Student debt in the UK has reached a terrifying level.
Indeed, the Student Loans Company has said that it now stands at £100bn, a new high – or low – with the figure expected to double over the next six years.
This not only spells trouble for the country’s young people, but the rest of the population too. Something radical must be done to remedy the issue, or else economic chaos will ensue – and hit us all.
For many people, the answer to the debt is to chuck money at it. Jeremy Corbyn has won legions of supporters for his dramatic proposal to eradicate student fees.
Should the Labour leader get his way, it will make life temporarily much easier for young people, but create an unsustainable model for education. Demand for courses will grow, and taxes will get higher to accommodate the cost.
This means turmoil in the long-term, as hardworking citizens come to resent paying for other people’s tuition fees.
They will especially hate this as the reality dawns that a lot of degrees are useless in the job market – which is part of the reason why the country is in such a mess already.
Foolishly, the nation’s youth have been indoctrinated into thinking of university as a necessity and a route to work; a fallacy for which Tony Blair can be held responsible.
During his tenure as Prime Minister, he set arbitrary targets for 50% of 18-30-year-olds to go to university, believing that this would boost the economy.
The reality couldn’t be more different – thousands rolled out of university jobless and in masses of debt. To this day, 47% of millennials currently work in non-graduate jobs.
The time has never been more right for politicians to focus on bringing the number undergraduates down – the fastest way to start tackling the debt.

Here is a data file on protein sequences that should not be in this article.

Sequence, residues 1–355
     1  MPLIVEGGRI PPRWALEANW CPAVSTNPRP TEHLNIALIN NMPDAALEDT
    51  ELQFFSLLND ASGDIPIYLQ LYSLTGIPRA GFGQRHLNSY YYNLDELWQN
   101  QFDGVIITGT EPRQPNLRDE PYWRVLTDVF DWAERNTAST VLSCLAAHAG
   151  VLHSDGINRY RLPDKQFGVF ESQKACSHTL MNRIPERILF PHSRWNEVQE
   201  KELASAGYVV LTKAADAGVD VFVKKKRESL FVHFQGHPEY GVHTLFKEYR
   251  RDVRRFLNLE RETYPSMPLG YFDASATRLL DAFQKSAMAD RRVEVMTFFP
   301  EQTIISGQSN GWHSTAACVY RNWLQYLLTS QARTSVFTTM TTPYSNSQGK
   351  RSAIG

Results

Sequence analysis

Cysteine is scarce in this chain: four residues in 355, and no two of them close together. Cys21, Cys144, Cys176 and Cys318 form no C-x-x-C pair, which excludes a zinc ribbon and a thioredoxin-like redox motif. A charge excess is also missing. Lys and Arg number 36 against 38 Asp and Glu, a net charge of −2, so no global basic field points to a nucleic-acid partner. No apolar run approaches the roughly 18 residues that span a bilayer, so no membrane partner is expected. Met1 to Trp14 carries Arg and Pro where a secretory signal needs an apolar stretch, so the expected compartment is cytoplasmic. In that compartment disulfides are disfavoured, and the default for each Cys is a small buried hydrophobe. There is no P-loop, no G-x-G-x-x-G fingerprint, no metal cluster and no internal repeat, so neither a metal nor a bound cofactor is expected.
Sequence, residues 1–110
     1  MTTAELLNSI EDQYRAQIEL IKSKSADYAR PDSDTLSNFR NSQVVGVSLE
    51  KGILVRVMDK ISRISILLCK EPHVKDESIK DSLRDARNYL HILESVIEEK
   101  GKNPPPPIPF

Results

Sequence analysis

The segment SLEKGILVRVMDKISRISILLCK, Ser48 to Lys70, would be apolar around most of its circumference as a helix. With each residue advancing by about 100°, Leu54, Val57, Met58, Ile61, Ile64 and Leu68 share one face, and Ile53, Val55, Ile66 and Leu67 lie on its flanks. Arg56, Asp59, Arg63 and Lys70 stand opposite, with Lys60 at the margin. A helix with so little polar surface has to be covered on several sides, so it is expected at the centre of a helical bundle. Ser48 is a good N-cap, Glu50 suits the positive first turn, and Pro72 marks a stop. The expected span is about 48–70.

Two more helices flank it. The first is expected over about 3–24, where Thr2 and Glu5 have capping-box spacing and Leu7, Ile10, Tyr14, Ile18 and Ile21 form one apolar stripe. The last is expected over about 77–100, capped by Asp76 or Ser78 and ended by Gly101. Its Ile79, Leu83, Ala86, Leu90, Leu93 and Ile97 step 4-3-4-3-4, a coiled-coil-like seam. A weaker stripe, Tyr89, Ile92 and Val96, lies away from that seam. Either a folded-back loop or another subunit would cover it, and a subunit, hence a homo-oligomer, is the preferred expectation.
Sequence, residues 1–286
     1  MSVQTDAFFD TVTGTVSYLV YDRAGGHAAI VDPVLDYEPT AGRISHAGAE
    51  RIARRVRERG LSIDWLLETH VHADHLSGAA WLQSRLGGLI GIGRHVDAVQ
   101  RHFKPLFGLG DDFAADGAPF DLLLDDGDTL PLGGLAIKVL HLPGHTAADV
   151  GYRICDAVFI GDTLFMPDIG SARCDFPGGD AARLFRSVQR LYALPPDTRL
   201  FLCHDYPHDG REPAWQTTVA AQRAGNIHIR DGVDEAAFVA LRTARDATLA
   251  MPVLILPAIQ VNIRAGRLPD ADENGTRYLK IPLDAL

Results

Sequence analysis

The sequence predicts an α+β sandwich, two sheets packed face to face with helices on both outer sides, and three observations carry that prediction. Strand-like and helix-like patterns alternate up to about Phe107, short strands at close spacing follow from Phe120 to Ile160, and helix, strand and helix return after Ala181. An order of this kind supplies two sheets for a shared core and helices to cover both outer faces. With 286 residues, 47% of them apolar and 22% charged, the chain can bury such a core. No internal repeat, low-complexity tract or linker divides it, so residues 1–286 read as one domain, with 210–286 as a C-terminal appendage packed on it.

The Conservatives have been given too little credit, in this regard, for moving the focus away from universities towards workplace training, and will have invested £2.5bn into apprenticeships by 2020.
This sort of practical education is not only what the employment market demands, but is good for young people themselves; who, in such circumstances, need entrepreneurial knowledge much more than a working knowledge of Plato.
The current university system is not working, though; it is overpriced and oversubscribed. We are slowly reaching the levels of expense seen in the US – where total student debt is now $1.4 trillion – but without the quality.
Americans get far more time with their tutors and classmates, as well as the opportunity to explore a breadth of subjects.
UK undergraduates are being conned out of vast amounts of money for courses with tiny amounts of input from lecturers and little real-world relevance.
Too often they end up as lost sheep in the employment market, with no idea of how to apply their topic or tackle the £44,000 or so of debt they amassed, stuck on a salary that data suggests is rarely more than those of their non-graduate counterparts.
Most would have been better off had someone told them: “don’t go to university”.
I wish I’d been given such advice myself, as I have found no real use for my psychology degree and mostly went to university because it was the expected of me, rather than for the love of learning.
The thought of going straight into the job market was unheard of, especially as I went to a private school. But why is this the status quo – that young people should have to follow this one path?
As plenty of data shows, university education simply doesn’t translate to getting a job these days – and represents a cost to the public purse we are increasingly unable to bear.